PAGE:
Wonderful News for Herbal Medicine in the UK
16 February 2011
A decision has been made by the Secretary of State for Health regarding statutory regulation of herbal medicine in the UK:
Practitioners of acupuncture, herbal medicine and traditional Chinese medicine
The Secretary of State for Health (Mr Andrew Lansley): The issue of whether or not practitioners of acupuncture, herbal medicine and traditional Chinese medicine should be statutorily regulated has been debated since the House of Lords’ Select Committee on Science and Technology’s report in 2000 recommended statutory regulation for the first two of these groups.
We have today published an analysis of the 2009 consultation by the four United Kingdom Health Departments which sought views on the possible regulation of practitioners of acupuncture, herbal medicine and traditional Chinese medicine. This factual report has been placed in the Library and can be found on the Department of Health’s website at:
Copies are available to hon Members from the Vote Office and to noble Lords from the Printed Paper Office.
I can now set out how we intend to take forward the regulation of herbal medicine practitioners and traditional Chinese medicines practitioners, specifically with regard to the use of unlicensed herbal medicines within their practice. As this matter is a devolved matter in Scotland and Northern Ireland we have had discussions with Health Departments in the three Devolved Administrations which have been constructive and we are committed to a unified UK-wide approach to the regulation of these practitioners.
When the European Directive 2004/24/EC takes full effect in April 2011 it will no longer be legal for herbal practitioners in the UK to source unlicensed manufactured herbal medicines for their patients. This Government wishes to ensure that the public can continue to have access to these products.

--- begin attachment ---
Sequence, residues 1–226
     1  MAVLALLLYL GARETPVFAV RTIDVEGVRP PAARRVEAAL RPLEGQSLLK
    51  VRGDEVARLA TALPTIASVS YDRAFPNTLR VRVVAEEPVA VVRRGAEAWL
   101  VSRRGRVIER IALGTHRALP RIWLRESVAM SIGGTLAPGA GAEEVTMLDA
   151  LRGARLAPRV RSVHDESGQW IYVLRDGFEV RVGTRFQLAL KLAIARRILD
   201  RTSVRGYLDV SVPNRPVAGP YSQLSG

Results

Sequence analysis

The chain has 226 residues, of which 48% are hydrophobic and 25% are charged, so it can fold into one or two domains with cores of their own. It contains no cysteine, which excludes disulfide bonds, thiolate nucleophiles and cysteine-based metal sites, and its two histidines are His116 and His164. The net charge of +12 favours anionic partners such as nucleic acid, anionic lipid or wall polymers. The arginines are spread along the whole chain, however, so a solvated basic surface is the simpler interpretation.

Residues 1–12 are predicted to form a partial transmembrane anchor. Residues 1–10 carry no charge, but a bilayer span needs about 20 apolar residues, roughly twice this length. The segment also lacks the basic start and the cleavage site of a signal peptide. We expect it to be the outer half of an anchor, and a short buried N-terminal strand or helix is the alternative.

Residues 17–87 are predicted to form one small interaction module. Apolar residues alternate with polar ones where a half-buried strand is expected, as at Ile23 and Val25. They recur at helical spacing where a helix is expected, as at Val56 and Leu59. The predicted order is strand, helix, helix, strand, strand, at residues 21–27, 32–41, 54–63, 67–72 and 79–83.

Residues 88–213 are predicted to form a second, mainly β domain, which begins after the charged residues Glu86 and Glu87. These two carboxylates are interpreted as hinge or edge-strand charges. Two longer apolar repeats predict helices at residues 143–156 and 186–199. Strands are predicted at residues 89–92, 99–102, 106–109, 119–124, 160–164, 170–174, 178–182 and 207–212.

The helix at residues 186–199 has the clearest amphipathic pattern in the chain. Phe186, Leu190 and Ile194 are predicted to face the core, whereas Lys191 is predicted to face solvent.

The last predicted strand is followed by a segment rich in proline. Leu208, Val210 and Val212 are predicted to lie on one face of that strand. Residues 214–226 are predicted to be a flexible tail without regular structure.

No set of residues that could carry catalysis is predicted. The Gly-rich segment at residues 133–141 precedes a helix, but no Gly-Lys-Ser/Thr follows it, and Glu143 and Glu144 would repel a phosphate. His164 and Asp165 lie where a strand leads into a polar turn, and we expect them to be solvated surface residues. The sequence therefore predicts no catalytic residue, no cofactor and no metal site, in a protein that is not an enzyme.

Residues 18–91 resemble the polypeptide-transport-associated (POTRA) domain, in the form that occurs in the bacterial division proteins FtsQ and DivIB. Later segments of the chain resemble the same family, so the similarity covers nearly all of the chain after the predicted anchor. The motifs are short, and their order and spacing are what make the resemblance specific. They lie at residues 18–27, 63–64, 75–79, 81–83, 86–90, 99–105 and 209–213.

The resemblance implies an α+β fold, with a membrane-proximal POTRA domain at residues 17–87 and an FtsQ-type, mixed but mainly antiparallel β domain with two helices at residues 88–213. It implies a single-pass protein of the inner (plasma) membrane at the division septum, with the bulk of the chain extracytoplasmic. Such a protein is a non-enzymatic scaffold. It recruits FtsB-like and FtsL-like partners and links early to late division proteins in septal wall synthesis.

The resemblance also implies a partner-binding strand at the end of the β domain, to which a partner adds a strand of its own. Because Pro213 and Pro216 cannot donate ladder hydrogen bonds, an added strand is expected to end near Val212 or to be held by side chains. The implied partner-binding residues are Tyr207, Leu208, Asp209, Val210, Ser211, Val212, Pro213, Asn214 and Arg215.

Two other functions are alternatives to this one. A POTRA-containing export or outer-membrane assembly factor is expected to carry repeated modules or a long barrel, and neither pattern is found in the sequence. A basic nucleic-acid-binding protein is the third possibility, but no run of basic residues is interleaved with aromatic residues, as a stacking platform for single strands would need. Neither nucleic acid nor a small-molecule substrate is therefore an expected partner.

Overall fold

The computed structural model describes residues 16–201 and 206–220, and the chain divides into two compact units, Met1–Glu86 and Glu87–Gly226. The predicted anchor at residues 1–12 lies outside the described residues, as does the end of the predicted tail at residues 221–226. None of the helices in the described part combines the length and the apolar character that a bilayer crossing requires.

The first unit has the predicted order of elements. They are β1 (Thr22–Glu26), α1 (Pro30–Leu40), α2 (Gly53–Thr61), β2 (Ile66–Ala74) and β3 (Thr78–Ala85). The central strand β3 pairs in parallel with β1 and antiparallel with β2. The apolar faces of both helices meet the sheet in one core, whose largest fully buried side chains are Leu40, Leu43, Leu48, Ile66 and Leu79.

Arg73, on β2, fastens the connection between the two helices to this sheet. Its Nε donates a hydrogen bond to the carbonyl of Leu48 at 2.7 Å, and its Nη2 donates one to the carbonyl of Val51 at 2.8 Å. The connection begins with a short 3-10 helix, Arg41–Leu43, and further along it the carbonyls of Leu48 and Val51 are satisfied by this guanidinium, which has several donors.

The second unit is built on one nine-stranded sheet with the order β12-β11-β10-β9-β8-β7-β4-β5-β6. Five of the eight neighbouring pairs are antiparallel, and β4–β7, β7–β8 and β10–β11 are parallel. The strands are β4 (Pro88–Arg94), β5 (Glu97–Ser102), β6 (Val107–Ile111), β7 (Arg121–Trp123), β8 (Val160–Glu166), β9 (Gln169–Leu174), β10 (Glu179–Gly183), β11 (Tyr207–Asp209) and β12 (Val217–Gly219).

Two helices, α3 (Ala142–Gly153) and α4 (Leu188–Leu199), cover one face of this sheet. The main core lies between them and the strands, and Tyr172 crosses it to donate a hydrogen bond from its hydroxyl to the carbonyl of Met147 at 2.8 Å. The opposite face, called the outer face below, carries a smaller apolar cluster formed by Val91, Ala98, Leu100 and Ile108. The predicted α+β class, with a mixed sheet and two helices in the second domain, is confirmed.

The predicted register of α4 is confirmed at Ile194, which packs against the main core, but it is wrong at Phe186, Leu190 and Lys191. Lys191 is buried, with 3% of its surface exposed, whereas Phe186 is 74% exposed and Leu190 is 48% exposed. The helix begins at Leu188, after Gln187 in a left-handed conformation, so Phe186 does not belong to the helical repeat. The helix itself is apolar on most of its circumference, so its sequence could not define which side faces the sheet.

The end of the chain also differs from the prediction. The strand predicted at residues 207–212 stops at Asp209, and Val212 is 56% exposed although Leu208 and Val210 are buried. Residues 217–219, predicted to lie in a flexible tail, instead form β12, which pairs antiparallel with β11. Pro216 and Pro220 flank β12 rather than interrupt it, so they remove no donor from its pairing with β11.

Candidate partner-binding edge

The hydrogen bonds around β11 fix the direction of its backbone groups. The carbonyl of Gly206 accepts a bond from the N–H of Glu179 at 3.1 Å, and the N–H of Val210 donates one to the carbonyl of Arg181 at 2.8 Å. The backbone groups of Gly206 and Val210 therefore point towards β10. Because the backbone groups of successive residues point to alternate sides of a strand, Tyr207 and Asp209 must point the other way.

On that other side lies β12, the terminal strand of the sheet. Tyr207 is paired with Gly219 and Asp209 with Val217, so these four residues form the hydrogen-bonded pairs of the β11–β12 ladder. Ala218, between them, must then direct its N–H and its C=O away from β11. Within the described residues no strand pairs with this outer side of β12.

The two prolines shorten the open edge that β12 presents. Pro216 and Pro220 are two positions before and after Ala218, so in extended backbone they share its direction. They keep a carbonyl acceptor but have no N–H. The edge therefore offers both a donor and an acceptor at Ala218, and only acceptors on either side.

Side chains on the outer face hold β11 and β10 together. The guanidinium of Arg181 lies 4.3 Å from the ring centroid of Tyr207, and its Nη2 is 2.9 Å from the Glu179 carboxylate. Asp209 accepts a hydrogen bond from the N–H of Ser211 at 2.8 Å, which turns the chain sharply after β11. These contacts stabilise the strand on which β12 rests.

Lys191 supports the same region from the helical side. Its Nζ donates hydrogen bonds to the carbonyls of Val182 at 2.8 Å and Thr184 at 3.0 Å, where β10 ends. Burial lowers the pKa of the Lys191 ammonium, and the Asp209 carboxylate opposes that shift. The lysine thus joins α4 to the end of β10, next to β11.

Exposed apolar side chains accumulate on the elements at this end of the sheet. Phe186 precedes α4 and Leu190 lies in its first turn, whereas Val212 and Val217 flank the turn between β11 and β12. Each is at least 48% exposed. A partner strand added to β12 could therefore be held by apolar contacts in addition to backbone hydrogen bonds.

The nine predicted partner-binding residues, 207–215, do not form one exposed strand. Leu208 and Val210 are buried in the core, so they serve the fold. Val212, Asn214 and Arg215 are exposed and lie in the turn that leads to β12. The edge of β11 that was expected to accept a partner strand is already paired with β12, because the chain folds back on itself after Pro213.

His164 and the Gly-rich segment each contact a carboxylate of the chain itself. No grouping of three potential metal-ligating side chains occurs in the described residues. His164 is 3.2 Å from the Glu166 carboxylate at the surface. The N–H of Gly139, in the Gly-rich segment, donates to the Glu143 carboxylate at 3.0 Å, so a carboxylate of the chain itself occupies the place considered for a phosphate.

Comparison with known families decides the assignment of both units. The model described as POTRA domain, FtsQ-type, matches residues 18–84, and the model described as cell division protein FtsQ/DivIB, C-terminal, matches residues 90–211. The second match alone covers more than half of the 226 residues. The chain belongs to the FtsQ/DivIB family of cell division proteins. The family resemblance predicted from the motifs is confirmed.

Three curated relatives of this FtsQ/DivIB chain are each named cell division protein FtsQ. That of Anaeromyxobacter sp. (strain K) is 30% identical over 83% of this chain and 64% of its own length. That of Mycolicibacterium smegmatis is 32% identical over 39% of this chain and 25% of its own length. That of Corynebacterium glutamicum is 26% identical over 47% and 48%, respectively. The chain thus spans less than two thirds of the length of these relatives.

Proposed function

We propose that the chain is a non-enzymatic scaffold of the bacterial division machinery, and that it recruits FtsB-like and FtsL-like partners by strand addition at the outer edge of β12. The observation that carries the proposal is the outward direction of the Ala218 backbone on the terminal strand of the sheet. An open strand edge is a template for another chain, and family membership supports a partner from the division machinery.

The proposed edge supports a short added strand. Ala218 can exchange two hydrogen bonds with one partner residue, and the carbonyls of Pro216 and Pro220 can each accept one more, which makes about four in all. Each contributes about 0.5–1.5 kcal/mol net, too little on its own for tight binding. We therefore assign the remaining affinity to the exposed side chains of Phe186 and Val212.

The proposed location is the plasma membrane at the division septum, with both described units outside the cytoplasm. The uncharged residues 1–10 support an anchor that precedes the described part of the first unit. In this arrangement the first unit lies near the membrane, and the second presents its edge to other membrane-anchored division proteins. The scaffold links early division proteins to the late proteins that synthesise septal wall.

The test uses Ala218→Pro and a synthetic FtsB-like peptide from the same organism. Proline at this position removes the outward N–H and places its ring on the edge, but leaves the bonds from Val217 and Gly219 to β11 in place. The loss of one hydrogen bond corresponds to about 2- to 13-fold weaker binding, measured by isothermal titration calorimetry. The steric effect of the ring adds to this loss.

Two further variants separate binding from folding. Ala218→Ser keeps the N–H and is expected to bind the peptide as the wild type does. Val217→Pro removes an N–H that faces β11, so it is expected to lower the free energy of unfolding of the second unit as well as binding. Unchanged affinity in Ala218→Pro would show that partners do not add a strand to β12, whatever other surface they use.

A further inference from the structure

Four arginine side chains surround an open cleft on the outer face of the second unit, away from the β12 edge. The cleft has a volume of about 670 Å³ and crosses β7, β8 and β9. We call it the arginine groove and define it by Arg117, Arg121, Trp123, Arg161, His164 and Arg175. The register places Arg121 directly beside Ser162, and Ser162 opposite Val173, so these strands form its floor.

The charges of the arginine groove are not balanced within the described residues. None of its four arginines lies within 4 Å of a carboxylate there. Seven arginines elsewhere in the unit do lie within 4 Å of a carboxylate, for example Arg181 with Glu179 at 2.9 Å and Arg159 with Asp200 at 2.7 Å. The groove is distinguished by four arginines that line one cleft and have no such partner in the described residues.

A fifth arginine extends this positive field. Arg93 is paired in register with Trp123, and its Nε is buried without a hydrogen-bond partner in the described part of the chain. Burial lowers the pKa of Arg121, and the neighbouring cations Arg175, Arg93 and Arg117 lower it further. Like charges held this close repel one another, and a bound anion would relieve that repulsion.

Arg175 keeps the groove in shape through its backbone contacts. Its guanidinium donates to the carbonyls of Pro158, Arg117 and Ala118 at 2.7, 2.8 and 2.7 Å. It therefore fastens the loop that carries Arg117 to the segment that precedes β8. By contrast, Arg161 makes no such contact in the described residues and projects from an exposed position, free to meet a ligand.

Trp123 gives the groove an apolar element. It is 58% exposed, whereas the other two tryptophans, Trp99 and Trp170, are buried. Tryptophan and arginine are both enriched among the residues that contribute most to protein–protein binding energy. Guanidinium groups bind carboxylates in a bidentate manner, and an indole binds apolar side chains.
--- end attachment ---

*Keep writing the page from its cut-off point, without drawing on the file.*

In order to achieve this, while at the same time complying with EU law, some form of statutory regulation will be necessary and I have therefore decided to ask the Health Professions Council to establish a statutory register for practitioners supplying unlicensed herbal medicines. This will ensure that practitioners meet specified registration standards. Practitioner regulation will be underpinned by a strengthened system for regulating medicinal products. This approach will give practitioners and consumers continuing access to herbal medicines. It will do this by allowing us to use a derogation in the European legislation to set up a UK scheme to permit and regulate the supply, via practitioners, of unlicensed manufactured herbal medicines to meet individual patient needs.
The Health Professions Council is an established and experienced statutory regulatory body which has the necessary experience to be able to successfully establish and maintain a statutory register for practitioners wishing to supply unlicensed herbal medicines. Subject to Parliamentary approval, such practitioners who wish to supply unlicensed herbal products will be required by law to register with the HPC.
The four UK Health Departments will consult jointly on the draft legislation once it is prepared. This will give practitioners and the public the opportunity to comment. Subject to Parliamentary procedures we will aim to have the legislation in place in 2012.
Until the new arrangements are in place the Medicines and Healthcare products Regulatory Agency (MHRA) will continue to take appropriate compliance and enforcement action where products are in breach of the regulatory requirements. In line with the MHRA's normal approach, the action taken will be proportionate and will target products which pose a public health risk. Guidance issued by the MHRA makes clear their view that, where practitioners hold stocks of unlicensed products on 30 April 2011 that legally benefited from transitional arrangements under the European Directive, the practitioner can continue to sell those existing supplies to their patients.
The 2009 consultation also looked at practitioners of acupuncture. The practice of acupuncture is not affected by the EU Directive and, therefore, compliance is not required. I am confident that acupuncturists have their own voluntary regulatory measures in place, which are sufficiently robust. Additionally, local authorities in England have powers to regulate the hygiene of the practice of acupuncture, to protect against the risk of transmission of certain infectious diseases. Similar measures are also in place in Scotland, Wales and Northern Ireland.
I am pleased to say that this decision resolves a long-standing issue, to the benefit of both practitioners and the public who use herbal medicines.